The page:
Years of British Chess Magazine
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Years of Chess Informant
All new look and content
Total makeover to make you feel proud to read your copy of BCM
Much more GM content
Many more top UK and international Grandmasters now write for BCM
More pages than before
64 pages means more games, more analysis, more comment, great photos, great value
Collaboration with Informator
We're now partnering with the world's renowned publisher Chess Informant, founders of ECO code
Original articles written by numerous Grandmasters and International Masters
Philidor´s Footsteps In London
Philidor’s Footsteps in London is the second installment of Gordon Cadden’s fresh look at François-André Philidor and his long association with England in the fields of both chess and music. The 18th century Frenchman was described by the late Bent Larsen as “The greatest chess player of all times. With his conception of chess he was 70 years ahead of his time. Since then, no one has been ahead by more than 15 years.”
Double Queen’s Gambit
With Part Two of his coverage of The Double Queen’s Gambit: 1 d4 d5 2 c4 c5, IM Andrew Martin analyses and evaluates a number of games played in 2016 to show that this surprise weapon is by no means just an attempt to seek early exchanges and simplification, in order to head for a draw, but an opening that can lead to long term winning advantages for Black, particularly with regard to the possibilities it offers of exploiting weak squares in White’s camp.
Still Searching for Bobby Fischer...
From the other side of the pond, Theo Slade writes on how America is Still Searching for Bobby Fischer as, despite the many successes of Hikaru Nakamura and Fabiano Caruana, it will be a Norwegian and a Russian-Ukrainian who will be disputing the world title in New York during November!
In his Openings for Amateurs column Pete Tamburro deals with the Schliemann Defence to the Ruy Lopez,1 e4 e5 2 Nf3 Nc6 3 Bb5 f5, which he has found to be an effective weapon for Black as “Most White side amateurs know the first few moves... then quickly go astray”.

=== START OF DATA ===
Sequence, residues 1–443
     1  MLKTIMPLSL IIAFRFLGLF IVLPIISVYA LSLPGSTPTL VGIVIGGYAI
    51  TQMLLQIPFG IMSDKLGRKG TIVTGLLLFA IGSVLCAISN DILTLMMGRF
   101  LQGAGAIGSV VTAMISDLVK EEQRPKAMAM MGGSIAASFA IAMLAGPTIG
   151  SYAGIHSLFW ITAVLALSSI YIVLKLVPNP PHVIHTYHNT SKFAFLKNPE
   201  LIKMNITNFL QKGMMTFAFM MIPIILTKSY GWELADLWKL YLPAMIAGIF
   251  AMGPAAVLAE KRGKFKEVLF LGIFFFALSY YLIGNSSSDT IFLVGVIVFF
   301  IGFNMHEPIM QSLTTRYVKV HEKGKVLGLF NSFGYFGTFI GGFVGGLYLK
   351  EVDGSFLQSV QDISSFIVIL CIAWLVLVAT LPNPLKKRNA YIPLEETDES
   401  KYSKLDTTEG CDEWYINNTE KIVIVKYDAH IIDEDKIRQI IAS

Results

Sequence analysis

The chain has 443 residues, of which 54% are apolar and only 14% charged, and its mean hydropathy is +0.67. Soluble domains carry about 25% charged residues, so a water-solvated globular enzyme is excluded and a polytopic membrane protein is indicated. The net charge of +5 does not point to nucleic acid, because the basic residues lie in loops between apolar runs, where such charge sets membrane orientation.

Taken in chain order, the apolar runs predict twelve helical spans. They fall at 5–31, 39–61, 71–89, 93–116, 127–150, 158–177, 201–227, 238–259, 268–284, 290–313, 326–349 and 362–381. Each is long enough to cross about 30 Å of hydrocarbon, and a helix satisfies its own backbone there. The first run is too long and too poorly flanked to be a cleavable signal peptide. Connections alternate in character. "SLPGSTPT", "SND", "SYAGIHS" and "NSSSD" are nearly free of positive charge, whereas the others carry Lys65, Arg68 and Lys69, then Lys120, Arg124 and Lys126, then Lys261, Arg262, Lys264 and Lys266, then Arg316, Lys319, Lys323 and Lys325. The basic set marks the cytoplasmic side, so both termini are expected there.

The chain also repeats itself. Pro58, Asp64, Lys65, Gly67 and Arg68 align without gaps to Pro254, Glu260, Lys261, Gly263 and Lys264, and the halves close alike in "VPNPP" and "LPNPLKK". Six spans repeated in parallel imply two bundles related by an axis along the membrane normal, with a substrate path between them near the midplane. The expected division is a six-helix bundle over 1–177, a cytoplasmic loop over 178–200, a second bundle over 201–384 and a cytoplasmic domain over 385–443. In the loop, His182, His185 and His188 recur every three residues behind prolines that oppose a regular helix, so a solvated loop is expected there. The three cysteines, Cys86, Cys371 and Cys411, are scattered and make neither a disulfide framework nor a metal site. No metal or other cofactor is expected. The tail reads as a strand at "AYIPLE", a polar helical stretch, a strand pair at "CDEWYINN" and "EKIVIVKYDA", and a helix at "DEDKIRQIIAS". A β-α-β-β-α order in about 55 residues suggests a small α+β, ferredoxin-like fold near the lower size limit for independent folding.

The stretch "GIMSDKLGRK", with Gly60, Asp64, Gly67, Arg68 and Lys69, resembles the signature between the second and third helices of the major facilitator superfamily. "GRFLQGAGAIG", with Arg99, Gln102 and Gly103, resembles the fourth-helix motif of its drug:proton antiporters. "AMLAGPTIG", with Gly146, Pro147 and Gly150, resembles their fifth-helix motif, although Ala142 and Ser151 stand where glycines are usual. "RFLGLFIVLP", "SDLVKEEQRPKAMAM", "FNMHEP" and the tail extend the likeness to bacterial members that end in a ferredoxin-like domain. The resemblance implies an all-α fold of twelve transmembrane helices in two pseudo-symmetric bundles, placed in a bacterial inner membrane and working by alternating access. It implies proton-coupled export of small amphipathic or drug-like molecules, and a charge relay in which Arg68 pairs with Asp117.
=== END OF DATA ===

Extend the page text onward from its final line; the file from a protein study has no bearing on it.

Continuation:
This month, IM Gary Lane’s regular contribution is devoted to Secret Notes – an exposé of unusual opening play designed to throw Dutch Defence adherents off course within the first half-dozen moves. Commentary on games by two highly creative grandmasters, Alexei Shirov and Nigel Short, shows how early activity on the h-file by h2-h4 and Nh3 can lead to wins in 25 moves or less.
FM Steve Berry takes a detailed look at GM Andrew Soltis’ biography of Mikhail Botvinnik which won the English Chess Federation Book of the Year award, giving praise where praise is due but also criticism of its occasional shortcomings. Steve’s review is effectively a lively account of the life and achievements of Mikhail Botvinnik who, apart from a couple of year-long interruptions was world chess champion from 1948-1963. Illustrative examples of Botvinnik’s play and portraits of his rivals complete a thought-provoking article.
Our Endgame Studies specialist Ian Watson provides an enthusiastic appreciation of the late Sir Jeremy Morse, the man, and his legacy to the chess world – a veritable ‘Guinness Book of Records’ of chess compositions: Chess Problems: Tasks and Records. 477 pages packed with nearly 1,000 examples of chess magic for the gift price of only five pounds! Indeed, in this wondrous Aladdin’s Cave, ‘Inspector’ Morse lives up to his brilliant reputation by taking the reader to the outer limits of chess intelligence with such challenges as a mate in 226 moves, a puzzle with 24 different defences and another with 29 ‘tries’ (moves which only fail to a single Black reply). Moreover, with every justification, Ian names Sir Jeremy as the most important person in British chess in the last half century because, as Chairman of Lloyds Bank, he was instrumental in gaining ongoing sponsorship for all sorts of chess initiatives which laid the foundations for the so-called English Chess Explosion in the 70s and 80s.
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The British Chess Magazine contains 64 pages packed with exclusive articles and annotations. Here, as a teaser before you get your own copy, please take a look at a few samples:
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Capturing the Moment
The essence of chess through the camera's eye. With photo-artists such as David Llada and Harald Fietz, BCM captures those unforgettable moments.
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I just wanted to write a short note having downloaded the January issue on the iPad app today. The new magazine is OUTSTANDING. I have not subscribed to BCM for at least 10 years now, but judging from the quality of this issue I will be a regular going forward. The mixture of (mostly) British writers, top class writing and analysis and outstanding design is wonderful — comparable in quality to New in Chess. Many thanks for bringing BCM back to life.
The more modern look is certainly very appealing, and the writing remains of exquisite quality. You should certainly be very proud, as should everybody in the BCM and Chess Informant team! It truly feels that the BCM has moved to the 21st century with this update.
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British Chess Magazine — published continuously since 1881
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